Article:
In the UK and Ireland, a majority of independent funeral homes are handed down to the next generation of the family or purchased by larger funeral chains for investment purposes.

Due to the nature of the business, the funeral industry will always be a reliable investment as there is a consistent stream of potential clients and income to be made. The funeral business is largely unaffected by the financial climate unlike the majority of other industries which see their income ebb and flow with global economic trends. As with most financial investments, buying a funeral home (whether it is pre-existing acquisition of a home or starting up a new one) relies on a long term commitment to both legacy and new clientele.  

The post will predominantly angle towards the acquisition of an existing funeral home rather than a new startup business.  Most commonly, these acquisitions are made by another funeral home director looking to expand their portfolio or a current employee at the home being sold who is keen to take ownership.  The article below examines how best to go about buying a funeral business, what are the key factors in how to do so and also what are the potential pitfalls that some new investors to the industry may face.  However, this is not intended to provide financial advice for an investment and you should not rely solely on the advice provided in this post before making any important business decisions.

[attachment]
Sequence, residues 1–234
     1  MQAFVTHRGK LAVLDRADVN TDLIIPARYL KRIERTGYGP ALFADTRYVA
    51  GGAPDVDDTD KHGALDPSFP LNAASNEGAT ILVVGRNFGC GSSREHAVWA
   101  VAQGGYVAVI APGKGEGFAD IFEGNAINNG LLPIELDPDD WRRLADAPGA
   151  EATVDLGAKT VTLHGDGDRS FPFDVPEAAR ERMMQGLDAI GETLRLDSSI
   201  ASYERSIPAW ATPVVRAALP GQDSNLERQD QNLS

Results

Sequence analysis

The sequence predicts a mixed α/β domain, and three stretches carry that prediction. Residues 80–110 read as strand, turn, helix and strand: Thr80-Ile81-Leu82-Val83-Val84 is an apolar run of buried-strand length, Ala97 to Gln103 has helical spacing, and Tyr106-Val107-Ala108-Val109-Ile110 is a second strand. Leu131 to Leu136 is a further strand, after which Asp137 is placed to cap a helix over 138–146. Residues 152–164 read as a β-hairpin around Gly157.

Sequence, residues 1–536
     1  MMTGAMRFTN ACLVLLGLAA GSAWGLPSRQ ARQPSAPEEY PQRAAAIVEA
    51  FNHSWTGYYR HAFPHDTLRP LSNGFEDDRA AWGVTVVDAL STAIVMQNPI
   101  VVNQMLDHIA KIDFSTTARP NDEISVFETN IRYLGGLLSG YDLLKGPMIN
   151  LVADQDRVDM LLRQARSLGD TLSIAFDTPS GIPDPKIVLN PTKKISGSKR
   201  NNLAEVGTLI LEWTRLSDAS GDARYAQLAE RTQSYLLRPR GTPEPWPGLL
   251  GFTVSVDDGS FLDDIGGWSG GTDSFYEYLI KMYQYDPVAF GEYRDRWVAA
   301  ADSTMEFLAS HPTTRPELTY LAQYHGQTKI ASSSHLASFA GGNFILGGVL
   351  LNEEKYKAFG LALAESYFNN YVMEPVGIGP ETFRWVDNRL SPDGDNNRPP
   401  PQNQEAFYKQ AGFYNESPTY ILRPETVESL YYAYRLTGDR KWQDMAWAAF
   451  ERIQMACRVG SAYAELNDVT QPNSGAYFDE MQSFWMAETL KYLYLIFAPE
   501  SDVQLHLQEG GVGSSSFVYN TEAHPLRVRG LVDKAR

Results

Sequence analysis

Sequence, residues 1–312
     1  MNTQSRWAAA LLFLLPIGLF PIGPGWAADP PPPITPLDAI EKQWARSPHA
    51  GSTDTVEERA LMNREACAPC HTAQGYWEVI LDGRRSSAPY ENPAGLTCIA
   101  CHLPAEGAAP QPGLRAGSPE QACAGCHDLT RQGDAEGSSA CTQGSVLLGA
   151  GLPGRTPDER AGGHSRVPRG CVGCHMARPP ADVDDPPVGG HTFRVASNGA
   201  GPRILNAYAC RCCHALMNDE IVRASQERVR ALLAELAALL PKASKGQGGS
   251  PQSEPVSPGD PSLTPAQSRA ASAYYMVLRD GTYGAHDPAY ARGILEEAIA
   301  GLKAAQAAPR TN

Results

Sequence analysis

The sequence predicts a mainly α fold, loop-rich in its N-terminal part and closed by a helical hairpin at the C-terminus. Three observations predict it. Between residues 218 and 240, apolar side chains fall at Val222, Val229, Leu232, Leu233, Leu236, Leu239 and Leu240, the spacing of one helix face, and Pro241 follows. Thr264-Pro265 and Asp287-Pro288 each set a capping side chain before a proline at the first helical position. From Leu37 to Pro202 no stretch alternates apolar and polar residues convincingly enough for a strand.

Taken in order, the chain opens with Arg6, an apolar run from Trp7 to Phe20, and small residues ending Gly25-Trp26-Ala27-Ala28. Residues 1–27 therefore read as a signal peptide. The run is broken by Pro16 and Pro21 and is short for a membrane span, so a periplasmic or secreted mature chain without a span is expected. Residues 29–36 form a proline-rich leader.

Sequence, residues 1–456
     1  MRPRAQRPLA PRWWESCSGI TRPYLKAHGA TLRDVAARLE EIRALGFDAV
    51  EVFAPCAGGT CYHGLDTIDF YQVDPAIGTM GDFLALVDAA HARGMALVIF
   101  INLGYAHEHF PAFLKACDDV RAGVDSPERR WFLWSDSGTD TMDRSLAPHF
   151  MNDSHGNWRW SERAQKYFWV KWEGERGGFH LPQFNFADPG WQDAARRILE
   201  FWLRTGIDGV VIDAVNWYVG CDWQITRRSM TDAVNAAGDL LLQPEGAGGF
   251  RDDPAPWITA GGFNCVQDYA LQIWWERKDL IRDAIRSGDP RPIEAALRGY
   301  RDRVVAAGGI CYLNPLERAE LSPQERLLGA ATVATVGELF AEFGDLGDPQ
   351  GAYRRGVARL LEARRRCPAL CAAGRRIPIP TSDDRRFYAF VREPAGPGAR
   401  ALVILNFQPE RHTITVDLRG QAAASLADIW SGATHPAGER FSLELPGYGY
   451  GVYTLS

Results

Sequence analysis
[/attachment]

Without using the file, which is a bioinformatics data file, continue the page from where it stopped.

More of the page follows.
Coffins and urns on display

Research Research Research

For a prospective buyer of any type of business, it is important that extensive research is undertaken before jumping into an investment. Market research is critical before making a purchase in the funeral industry as the location of the home is a key factor in the success of the investment.  The primary concerns of any investor into the funeral industry should be researching the following factors: